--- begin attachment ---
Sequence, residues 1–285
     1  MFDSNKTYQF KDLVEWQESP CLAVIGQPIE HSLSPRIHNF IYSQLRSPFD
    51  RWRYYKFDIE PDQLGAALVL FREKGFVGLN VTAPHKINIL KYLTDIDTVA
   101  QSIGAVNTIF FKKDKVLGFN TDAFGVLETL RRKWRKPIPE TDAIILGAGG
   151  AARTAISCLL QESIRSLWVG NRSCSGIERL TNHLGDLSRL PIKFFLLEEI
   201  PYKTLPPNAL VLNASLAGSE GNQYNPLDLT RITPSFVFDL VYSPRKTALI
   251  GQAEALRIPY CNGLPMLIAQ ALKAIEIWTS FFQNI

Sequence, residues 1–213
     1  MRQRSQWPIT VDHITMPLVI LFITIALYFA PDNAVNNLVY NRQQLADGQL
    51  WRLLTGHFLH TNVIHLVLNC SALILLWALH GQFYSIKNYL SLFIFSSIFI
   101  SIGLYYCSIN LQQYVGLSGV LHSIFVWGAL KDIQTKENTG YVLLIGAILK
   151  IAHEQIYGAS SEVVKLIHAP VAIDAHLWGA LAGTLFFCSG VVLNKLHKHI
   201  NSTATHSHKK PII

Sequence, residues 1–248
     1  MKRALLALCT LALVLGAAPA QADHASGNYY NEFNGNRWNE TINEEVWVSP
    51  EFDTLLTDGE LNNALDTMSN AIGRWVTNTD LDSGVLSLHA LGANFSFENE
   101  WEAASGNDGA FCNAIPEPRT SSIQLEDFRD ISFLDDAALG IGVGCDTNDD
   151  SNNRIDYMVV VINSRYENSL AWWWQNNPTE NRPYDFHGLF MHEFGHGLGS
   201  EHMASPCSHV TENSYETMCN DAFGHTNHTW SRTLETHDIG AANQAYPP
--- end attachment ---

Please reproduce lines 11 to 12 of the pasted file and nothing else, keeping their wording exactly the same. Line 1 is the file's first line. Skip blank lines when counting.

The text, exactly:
   101  SIGLYYCSIN LQQYVGLSGV LHSIFVWGAL KDIQTKENTG YVLLIGAILK
   151  IAHEQIYGAS SEVVKLIHAP VAIDAHLWGA LAGTLFFCSG VVLNKLHKHI